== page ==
To state the obvious, if you don't finish the first draft, you don't have a book, story, novelette, whatever. And if you don't have a complete story, why polish what you have? And because the plot line will change as we move through the novel anyway, the scenes we keep polishing may end up on the cutting room floor.

But once you have the completed first draft, ah, now you have something. You can sit back for one night of celebra tion and have a can of seawater knowing you have accom plished writing a story, novel, whatever. Now you are ready for all the polishing and perfection.

Lastly--whew, I never thought I'd get here--as for getting all the details down for the reader up front, that's not the start of the story. Most beginning writers start their story one chapter too soon. You probably need all that material, so it's not wasted, but it is background, like Jane doing her character outlines first. The writer might need to know what happened before the story started, the backstory, but the reader needs only that which is necessary to make sense of what's happening as the story unfolds. And this you fill in as you go along. Does that make sense?

Write the first draft.

Peter Abresch
Author of BLOODY BONSAI,
the Jim Dandy ELDERHOSTEL Mysteries
& BookMarc

==========
Date:    Saturday, January 02, 1999 04:10 AM

All,

Allow me to quote Anne Lamott from her book on writing, BIRD BY BIRD, which I recommend, BTW.

"I know some very great writers, writers who love to write beautifully and have made a great deal of money, and NOT one of them sits down routinely feeling wildly enthusiastic and confident. Not one of them writes elegant first drafts. All right. One of them does, but we do not like her very much. We do not think she has a rich inner life or that God likes her or can even stand her."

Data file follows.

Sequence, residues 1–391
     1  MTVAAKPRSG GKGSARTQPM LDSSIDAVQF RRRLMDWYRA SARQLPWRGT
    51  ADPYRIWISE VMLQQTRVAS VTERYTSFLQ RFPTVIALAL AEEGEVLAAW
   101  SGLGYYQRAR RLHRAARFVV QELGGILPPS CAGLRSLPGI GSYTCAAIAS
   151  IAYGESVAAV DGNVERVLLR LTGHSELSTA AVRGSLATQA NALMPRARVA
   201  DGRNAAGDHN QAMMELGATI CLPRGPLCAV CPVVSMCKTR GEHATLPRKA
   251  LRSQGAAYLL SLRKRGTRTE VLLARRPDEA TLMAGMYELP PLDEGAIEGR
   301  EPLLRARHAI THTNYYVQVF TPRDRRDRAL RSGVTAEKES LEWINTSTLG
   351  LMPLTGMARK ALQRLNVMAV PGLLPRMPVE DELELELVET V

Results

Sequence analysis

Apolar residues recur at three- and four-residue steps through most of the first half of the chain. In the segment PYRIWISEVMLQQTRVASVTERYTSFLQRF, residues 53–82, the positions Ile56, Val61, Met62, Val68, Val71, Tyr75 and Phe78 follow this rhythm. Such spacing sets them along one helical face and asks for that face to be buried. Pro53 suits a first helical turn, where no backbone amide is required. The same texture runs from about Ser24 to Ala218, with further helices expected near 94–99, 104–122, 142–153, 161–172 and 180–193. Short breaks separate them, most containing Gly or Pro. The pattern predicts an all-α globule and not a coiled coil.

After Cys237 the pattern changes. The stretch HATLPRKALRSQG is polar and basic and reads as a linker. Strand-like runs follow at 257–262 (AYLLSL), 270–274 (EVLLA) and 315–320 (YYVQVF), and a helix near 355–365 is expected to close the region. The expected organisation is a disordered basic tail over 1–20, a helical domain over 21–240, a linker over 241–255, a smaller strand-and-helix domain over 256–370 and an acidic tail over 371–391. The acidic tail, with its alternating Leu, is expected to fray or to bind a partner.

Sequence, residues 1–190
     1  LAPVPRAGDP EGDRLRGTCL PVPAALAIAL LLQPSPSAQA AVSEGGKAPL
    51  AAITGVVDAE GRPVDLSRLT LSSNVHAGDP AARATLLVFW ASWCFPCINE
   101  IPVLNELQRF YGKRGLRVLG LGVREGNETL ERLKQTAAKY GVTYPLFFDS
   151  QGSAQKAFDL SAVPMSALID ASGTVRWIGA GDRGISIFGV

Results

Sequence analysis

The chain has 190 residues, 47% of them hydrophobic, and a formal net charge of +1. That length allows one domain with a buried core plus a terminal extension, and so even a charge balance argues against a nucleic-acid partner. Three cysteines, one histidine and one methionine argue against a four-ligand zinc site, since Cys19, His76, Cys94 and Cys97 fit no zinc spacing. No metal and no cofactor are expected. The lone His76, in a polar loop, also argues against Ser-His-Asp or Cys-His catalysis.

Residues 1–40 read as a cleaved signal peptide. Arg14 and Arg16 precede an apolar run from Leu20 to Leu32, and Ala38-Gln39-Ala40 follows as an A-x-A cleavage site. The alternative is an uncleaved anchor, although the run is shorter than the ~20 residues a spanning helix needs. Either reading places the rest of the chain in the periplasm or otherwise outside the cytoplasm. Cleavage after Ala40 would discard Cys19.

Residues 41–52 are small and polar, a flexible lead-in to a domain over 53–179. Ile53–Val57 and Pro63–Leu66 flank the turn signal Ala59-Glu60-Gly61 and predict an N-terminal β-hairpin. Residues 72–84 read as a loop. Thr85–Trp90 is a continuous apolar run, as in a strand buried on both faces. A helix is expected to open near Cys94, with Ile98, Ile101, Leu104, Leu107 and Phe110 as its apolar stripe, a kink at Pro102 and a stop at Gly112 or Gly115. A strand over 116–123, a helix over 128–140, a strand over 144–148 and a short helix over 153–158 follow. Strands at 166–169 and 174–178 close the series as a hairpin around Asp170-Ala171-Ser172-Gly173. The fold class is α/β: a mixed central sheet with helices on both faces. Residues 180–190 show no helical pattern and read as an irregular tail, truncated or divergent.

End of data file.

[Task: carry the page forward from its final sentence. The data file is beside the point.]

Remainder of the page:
Perhaps I over stated that first drafts are garbage. If we're going to latch onto semantics here instead of the idea, we'll get bogged down. Of course I write the best first draft I can. I never sit down at the keyboard with the intention of writing garbage. But I know when the first draft is finished, I have the essence of my novel, essence in both forms, all of the main weaving is there, but it also is a little smelly. My job is to make every word fit into place.

Without implying anyone here is doing otherwise, let me repeat that, without implying anyone is doing otherwise, I think I would do a disservice to fairly novice writers to imply a first draft is anywhere near ready for publishing. It usually appears that way, but that's because I don't think we have the experience to bring feeling and mood and shades of color into our writing at this stage.

And once again, folks, go back to the beginning. I only give you my best cut here. I am not infallible. Well, not really. And yes, whatever works works.

Peter Abresch
Author of BLOODY BONSAI,
the Jim Dandy ELDERHOSTEL Mysteries
& BookMarc
Logged
--
Bob

Sometimes it takes therapy to put the past behind you. Other times, it takes a 20 gallon trash bag and a couple of cinder blocks.